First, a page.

Cuerna Critters: My favorite butterflies and moths of 2014

Cuerna Critters: My favorite butterflies and moths of 2014

Beautiful butterflies…Nature’s wonderful creation

Erin C. McKiernan

For the past few months, I’ve been neglecting Cuerna Critters. To make up for it, I’ve put together some of my favorite shots from 2014. My favorites this year were the butterflies and moths. The shots below are shown in chronological order so you can get an idea of what I saw as the year progressed. It was a great year for ‘bugging’!

Biblis hyperia aganisa. January 12. Red Rim (Biblis hyperia aganisa). January 12.

Diaethria bacchis. Jan. 31. White-Patched Eighty-Eight (Diaethria bacchis). Jan. 31.

Cyanopepla sp. February 3. Moth (Cyanopepla sp.). February 3.

Cyanopepla sp. February 3. Moth (Cyanopepla sp.). February 3.

Opsiphanes boisduvallii. Feb 4, 2014. Orange Owl-Butterfly (Opsiphanes boisduvallii). February 4.

Archaeoprepona demophon occidentalis. Feb 6. One-Spotted Prepona (Archaeoprepona demophon occidentalis). February 6.

Siproeta stelenes biplagiata. March 10. Malachite (Siproeta stelenes biplagiata). March 10.

Junonia sp. (evarete?). March 10. Buckeye (Junonia evarete?). March 10.

Siproeta stelenes biplagiata. March 10. Malachite (Siproeta stelenes biplagiata). March 10.

Papilio rogeri pharnaces. March 15. Pink-Spotted Swallowtail (Papilio rogeri pharnaces). March 15.

Papilio rogeri pharnaces. March 15. Pink-Spotted Swallowtail (Papilio rogeri pharnaces). March 15.

Siproeta stelenes biplagiata. March 30. Malachite (Siproeta stelenes biplagiata). March 30.

Parides photinus. April 27. Pink-Spotted Cattleheart (Parides photinus). April 27.

Danaus gilippus. May 9. Queen (Danaus gilippus). May 9.

DSCF7665_1 Queen (Danaus gilippus)…

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Tips for pitching startup idea

Reference: http://www.good.is/posts/seven-tips-for-pitching-your-startup-idea?

pitch idea

I don’t know about you, but my shower blesses me with amazing ideas. Convincing others of their brilliance, though, doesn’t always happen so fluidly. Let’s be honest, for many of us “cerebral-types,” the thought alone of having to explain yourself to hundreds of onlookers could result in discrediting bright ideas long before they ever get to that point.

That’s exactly how I felt last week. It caught me by surprised when the bolder side of my personality applied (voluntarily) to represent my startup at a natural products pitch slam. When I learned my application had been approved, I immediately searched for a reason to not show up. (I’m mostly kidding, but the thought did cross my mind.)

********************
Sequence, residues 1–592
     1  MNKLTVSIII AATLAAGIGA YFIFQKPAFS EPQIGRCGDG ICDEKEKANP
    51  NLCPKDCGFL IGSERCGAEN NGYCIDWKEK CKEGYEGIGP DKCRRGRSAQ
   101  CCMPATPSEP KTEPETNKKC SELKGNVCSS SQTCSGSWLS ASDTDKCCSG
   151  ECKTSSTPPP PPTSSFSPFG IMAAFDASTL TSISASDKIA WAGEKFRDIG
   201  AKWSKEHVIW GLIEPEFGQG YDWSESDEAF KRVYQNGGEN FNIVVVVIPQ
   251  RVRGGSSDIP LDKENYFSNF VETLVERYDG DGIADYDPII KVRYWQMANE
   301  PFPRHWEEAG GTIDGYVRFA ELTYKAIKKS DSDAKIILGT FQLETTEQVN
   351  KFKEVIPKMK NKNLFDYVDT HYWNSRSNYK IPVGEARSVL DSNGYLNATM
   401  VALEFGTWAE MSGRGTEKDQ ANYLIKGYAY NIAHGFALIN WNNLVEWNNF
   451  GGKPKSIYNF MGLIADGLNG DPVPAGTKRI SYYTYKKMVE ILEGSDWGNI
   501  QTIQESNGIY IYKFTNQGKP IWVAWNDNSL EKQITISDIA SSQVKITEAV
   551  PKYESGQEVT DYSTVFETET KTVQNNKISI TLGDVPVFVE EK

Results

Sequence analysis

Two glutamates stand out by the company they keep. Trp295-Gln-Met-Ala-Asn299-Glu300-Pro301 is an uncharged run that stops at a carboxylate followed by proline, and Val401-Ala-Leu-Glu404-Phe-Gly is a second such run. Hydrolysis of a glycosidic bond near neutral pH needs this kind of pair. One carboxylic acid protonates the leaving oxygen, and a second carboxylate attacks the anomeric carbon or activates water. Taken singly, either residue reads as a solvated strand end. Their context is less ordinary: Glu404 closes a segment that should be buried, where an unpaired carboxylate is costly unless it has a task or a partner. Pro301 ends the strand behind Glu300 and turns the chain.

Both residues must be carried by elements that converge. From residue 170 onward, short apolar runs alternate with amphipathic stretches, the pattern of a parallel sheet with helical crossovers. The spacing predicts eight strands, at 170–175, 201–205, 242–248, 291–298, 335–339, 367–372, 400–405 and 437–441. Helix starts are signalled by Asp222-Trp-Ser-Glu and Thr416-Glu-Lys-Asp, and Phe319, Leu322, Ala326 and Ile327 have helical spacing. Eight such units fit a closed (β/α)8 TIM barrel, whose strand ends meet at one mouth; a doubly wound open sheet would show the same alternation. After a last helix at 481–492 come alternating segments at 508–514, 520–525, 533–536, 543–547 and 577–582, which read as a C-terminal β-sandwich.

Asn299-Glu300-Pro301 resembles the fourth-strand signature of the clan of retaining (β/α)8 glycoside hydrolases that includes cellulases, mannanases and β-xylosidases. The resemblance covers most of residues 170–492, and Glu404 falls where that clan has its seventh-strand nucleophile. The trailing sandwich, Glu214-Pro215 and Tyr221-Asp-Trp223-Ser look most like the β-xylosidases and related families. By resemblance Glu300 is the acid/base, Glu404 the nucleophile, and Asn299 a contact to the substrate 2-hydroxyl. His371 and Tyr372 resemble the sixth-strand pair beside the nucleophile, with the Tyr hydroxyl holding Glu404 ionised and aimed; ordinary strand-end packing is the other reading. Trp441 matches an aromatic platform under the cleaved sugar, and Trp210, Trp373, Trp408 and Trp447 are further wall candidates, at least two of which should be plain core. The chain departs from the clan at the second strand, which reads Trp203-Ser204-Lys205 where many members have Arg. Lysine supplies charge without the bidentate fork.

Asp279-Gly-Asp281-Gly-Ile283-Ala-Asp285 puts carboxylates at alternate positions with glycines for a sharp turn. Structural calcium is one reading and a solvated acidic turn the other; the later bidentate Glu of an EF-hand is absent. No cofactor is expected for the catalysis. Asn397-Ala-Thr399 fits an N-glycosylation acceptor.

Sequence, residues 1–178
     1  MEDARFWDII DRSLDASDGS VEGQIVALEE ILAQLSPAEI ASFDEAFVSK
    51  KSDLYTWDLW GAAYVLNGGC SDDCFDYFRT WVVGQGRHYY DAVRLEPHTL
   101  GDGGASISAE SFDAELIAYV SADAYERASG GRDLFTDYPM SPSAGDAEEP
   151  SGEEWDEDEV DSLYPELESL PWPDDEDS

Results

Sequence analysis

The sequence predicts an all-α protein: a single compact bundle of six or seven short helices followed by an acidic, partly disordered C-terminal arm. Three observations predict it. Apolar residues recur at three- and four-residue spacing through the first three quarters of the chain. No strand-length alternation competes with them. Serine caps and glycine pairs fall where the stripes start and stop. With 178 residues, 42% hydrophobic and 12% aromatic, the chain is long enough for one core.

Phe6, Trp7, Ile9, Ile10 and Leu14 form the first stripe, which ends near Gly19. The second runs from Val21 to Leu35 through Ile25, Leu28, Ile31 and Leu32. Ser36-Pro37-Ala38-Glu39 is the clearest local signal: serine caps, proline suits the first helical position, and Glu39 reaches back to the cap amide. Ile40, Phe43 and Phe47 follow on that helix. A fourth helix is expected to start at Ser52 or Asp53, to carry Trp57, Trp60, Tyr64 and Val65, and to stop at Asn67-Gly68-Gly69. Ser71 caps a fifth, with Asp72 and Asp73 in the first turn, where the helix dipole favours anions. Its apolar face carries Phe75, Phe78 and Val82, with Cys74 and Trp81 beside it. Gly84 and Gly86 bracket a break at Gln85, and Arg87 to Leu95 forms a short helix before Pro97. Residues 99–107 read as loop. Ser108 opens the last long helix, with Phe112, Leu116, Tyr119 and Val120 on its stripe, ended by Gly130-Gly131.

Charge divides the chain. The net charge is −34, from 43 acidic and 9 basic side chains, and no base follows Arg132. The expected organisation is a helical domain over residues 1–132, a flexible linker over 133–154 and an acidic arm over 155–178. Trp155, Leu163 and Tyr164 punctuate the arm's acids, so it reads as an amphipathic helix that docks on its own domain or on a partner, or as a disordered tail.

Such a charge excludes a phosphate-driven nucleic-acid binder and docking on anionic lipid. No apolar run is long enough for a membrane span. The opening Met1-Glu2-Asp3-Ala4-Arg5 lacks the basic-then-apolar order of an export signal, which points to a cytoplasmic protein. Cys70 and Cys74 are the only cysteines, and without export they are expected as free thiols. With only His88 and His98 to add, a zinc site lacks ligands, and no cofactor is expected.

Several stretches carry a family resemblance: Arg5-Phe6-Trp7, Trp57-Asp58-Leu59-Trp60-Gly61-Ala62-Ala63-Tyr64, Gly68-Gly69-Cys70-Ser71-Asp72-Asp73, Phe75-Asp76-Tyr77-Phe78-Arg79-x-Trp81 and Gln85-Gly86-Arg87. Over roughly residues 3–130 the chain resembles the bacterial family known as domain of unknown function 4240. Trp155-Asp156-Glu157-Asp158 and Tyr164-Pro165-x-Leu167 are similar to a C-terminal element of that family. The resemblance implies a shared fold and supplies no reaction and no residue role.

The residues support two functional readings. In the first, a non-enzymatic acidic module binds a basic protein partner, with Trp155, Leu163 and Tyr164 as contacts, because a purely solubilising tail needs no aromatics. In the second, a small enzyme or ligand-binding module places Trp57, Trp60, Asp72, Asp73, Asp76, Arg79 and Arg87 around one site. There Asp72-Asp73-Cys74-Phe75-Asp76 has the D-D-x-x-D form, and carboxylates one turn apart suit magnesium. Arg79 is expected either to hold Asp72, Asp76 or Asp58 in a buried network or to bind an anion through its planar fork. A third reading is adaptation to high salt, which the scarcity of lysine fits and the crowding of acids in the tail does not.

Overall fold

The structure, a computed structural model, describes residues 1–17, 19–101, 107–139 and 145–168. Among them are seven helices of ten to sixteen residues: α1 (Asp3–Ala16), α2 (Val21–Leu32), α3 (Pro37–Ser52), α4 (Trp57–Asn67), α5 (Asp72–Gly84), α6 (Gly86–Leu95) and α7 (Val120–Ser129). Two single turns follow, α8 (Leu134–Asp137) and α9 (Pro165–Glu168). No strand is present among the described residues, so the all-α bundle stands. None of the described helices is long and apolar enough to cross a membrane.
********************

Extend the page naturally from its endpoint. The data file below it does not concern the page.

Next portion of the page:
Despite the nerves, my utter love for what I do propelled me to accept the invitation and present my family’s indoor composting product, the CompoKeeper, to the Naturally Boulder community.

Fast forward to the end of that Wednesday evening…

Our competition was stiff, but out of 25 social/environmental/health-conscious companies who had pitched their solutions earlier in the day, my dad and I were selected as one of three finalists. We anxiously accepted the invitation to present our idea again, this time on stage at The Boulder Theater to a crowd of more than 350 respected professionals who would decide our fate with a text message vote.

After the final round of pitches, the event came to a peak. Alongside the other two finalists, we watched on as Sara Snow, the MC of the night, announced the crowd’s favorite: CompoKeeper.

WE WON! Oh my CompoKeeper, we WON!

That night we walked away with industry recognition, a cash prize of $2,000, the value of $48,000 in business services and smiles as wide as the ocean. The validation from winning a pitch slam was like nothing we’d ever experienced.

So what’s the secret to our success? Without these seven strategies, we didn’t stand a chance.

1. Pinpoint Your Why

Make a list of the top five things that most excite you about the idea you want to spread. By bringing your attention to these reasons, your nervous system will become electric with excitement. That’s what passion feels like. When you step into the spotlight, instead of labeling your nerves as fear, recognize those heart-fluttering sensations as passion and purpose flowing through you.

2. Be Authentic

The best way to earn credibility is to be yourself. Don’t try to portray an image that’s not in line with who you are on a day-to-day basis. You don’t need to wear four-inch heels or a starchy suit if you’re not comfortable in them. Talk to the judges as if you’re in a face-to-face meeting. You don’t have to know it all. Admit when you don’t have the answer to a tough question but assure the audience you’ll find it.

3. Practice, Practice, Practice

A week before going on stage, I wrote down exactly what I wanted to say and memorized it. I practiced my speech at least a few hundred times. I practiced while walking, driving, showering and even while falling asleep. I practiced right up until I walked onto the stage. My message became second nature and, while presenting, I was able to focus less on getting the words right and more on enjoying the experience.

4. Shake Some Hands

If nothing else, do this! Arrive early and make a point of meeting and shaking as many hands as you can before going on stage. By connecting one-on-one with the people in your audience, you’ll be less afraid of harsh judgments and more focused on how you can best serve your audience.

5. Play Up Your Differences

For Team CompoKeeper, this was pretty easy. I’d say 80 percent of the companies pitching that day were talking about natural, organic ingredients. We, however, were talking about what to do when you’re done with them. We stood out by addressing a vital piece of a closed-loop system (composting) that too often gets overlooked in natural lifestyle conversations.

Depending on your audience and your competition, your differentiator may not be as obvious. Think about the qualities of your idea or company that can’t be replicated. Is it the crazy culture? Is it your cool combination of interests and hobbies? When you discover it, find subtle (or not so subtle) ways to infuse your pitch with its essence.

6. Get the Audience to Nod with Appreciation

To help the audience understand the problem we are solving, I focused on making it relatable. Instead of saying “compost pails are inconvenient,” I suggested that the number of trips to empty a small compost bin is analogous to the number of times a puppy needs to be taken out while being potty-trained. The best way to be relatable is to LISTEN to your target audience. Ask them what the problem is, what it feels like and what it would be like if their problem was solved. When you hear something that strikes a chord, run with it.